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20 July 2006 : Column 638W—continued


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Education and Skills

Adult Education

Mr. Brady: To ask the Secretary of State for Education and Skills what the per capita budget for adult community learning is of each local authority area in England, listed in descending order. [81770]

Phil Hope: The exact makeup and distribution of learning provision at local level are matters for local Learning and Skills Councils and their partners in colleges and other providers, according to their assessment of local needs and priorities. Mark Haysom, the LSC's Chief Executive, has written to the hon. Member with more detailed information and a copy of his reply has been placed in the House Library.

Letter from Mark Haysom, dated 14 July 2006:

Mr. Holloway: To ask the Secretary of State for Education and Skills what the reasons are for the change in levels of funding for adult education in Gravesend; and if he will make a statement. [85869]

Bill Rammell: Since 1997 we have increased investment in further education (FE) by £2.5 billion—around 48 per cent. in real terms. Overall we are broadly maintaining funding for adults programmes at £2.9 million although this will increasingly be focused on our priorities. I announced on 21 October 2005 our priorities for post-16 learning which are: raising participation and achievement of young people; driving down the skills deficit in adult workforce; and ensuring a wide range of learning opportunities at Level 3. I also reaffirmed our commitment to safeguard the funding for personal and community development in mainstream FE and local authority funded adult education with a budget of £210 million in 2006/07.


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The 2006/07 funding allocations for providers in the Gravesend area would have taken into account these priorities as well as local circumstances and need. It is essential that funding is prioritised on these areas if we are to address skills weaknesses and improve productivity.

Providers also have the opportunity, if they succeed in meeting employer needs, to access additional funding through Train to Gain, our new national employer training programme. If successful a provider’s net funding position could therefore increase.

After-school Clubs

Sarah Teather: To ask the Secretary of State for Education and Skills what assessment he has made of parents’ willingness to pay for children’s after-school clubs. [86878]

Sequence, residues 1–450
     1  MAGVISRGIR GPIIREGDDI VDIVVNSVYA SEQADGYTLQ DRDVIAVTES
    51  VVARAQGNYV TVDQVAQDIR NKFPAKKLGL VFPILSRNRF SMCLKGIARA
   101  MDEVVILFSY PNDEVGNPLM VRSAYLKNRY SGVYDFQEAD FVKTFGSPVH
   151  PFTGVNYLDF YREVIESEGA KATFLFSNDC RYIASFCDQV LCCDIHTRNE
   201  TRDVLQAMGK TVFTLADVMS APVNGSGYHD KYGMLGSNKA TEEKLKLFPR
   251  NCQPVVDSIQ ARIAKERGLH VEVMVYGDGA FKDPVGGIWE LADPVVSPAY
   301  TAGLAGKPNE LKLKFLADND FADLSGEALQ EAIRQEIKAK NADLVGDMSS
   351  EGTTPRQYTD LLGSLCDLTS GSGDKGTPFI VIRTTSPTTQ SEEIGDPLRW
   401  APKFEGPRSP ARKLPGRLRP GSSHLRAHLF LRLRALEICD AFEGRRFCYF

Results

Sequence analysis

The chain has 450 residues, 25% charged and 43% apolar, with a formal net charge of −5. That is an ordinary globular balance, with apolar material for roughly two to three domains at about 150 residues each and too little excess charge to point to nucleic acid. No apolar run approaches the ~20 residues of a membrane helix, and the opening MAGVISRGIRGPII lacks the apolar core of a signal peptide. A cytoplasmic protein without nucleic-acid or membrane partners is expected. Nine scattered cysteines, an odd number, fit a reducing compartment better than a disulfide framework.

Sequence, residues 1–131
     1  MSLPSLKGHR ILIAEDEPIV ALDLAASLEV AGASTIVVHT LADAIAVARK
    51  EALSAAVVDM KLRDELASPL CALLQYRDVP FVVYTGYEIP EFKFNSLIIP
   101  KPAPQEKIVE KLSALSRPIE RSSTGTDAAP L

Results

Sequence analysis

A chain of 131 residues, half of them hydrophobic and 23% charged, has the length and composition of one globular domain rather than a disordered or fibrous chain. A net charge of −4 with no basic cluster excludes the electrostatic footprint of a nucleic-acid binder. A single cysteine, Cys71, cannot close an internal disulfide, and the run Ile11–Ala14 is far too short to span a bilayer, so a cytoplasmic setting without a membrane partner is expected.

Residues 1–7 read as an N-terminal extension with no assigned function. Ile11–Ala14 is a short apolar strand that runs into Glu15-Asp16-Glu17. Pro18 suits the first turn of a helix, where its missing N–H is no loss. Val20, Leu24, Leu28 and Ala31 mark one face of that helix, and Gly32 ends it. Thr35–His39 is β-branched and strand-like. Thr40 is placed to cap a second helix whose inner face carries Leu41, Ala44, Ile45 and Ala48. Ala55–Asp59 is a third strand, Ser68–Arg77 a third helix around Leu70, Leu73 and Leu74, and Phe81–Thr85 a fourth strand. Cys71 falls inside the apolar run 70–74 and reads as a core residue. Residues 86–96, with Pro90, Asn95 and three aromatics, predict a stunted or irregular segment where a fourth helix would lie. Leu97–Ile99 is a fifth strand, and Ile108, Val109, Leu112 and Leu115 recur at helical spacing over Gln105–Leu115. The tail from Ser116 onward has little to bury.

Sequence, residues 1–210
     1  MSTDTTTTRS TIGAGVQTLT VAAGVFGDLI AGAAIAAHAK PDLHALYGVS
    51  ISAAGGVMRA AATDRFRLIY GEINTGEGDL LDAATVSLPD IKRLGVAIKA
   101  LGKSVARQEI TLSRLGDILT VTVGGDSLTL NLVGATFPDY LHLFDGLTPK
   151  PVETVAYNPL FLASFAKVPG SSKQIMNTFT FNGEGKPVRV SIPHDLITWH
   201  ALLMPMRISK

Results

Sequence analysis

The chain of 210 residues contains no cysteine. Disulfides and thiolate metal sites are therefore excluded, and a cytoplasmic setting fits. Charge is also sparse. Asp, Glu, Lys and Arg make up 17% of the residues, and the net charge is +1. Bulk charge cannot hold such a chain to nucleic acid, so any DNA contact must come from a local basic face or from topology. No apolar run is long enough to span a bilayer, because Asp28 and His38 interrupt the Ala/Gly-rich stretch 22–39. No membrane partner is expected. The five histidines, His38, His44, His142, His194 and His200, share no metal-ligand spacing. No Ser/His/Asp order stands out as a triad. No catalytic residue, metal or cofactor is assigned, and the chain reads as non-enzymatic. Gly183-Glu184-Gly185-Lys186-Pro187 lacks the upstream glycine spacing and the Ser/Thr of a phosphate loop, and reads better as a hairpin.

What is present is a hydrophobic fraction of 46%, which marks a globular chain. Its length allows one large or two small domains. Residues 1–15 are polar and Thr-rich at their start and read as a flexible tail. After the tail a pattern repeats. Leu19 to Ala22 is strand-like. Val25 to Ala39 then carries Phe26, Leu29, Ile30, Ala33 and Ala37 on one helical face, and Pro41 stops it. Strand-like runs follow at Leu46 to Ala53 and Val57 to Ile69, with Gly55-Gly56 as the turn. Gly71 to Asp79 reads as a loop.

Beverley Hughes: All schools must consult with parents before setting charges for their extended services, including after-school clubs; and must agree and publish charging and remissions policies.

My Department published guidance for schools and local authorities on planning and funding extended services, including after-school clubs, on 5 June 2006. The guidance is intended to help extended schools plan and fund their activities in ways that reflect local needs and circumstances; and build on existing provision offered by the voluntary and private sectors.

Many schools already charge for some after-school activities, offered either as ‘stand alone’ opportunities or as part of childcare provision. Working parents paying for childcare are eligible to apply for the childcare element of the working tax credit, which can recoup up to 80 per cent. of the costs. Our guidance encourages local authorities and schools to help parents to access working tax credits and benefits to which they may be entitled.

Building Schools for the Future

Mr. Andrew Turner: To ask the Secretary of State for Education and Skills whether the criteria for involvement in the Building Schools for the Future pathfinder programme include whether the proposed school or schools admit pupils aged 11 to 16, 11 to 18 or 13 to 18 years. [86745]

Jim Knight: It is for the local authority to choose the secondary school to receive this investment, which must have high building need. The Department has not specified a particular secondary age range.

Bullying

Chris Huhne: To ask the Secretary of State for Education and Skills how many incidents of reported (a) racist and (b) homophobic bullying there have been in schools in (i) rural and (ii) non-rural areas in each year since 1997; and if he will make a statement. [85945]

Jim Knight: I refer the hon. Member to my previous answers dated 5 July 2006, Official Report, column 1120W and 28 June 2006, Official Report, column 466W, to the hon. Member of Brent, East (Sarah Teather)


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Child Care Costs

Mrs. Maria Miller: To ask the Secretary of State for Education and Skills when his Department plans to publish the results of its research into numbers of nursery, playgroup and day-care providers whose actual costs of provision for three and four year olds exceed the sum received from Government. [86879]

Beverley Hughes: The Department carries out a nationally representative survey of all childcare providers annually to provide a range of data to help monitor progress towards meeting key government targets in the provision of childcare and early years services and to inform the strategic development of policy in this area. The nature of the data collection does not permit separate analysis of costs of provision for three and four year olds for each provider.

Fieldwork for the 2006 survey is currently under-way and will be completed in early September. Results from the survey will be published in spring 2007 and available on the DFES website at http://www.dfes.gov.uk/research. Findings from previous years’ surveys are also published on the DFES website.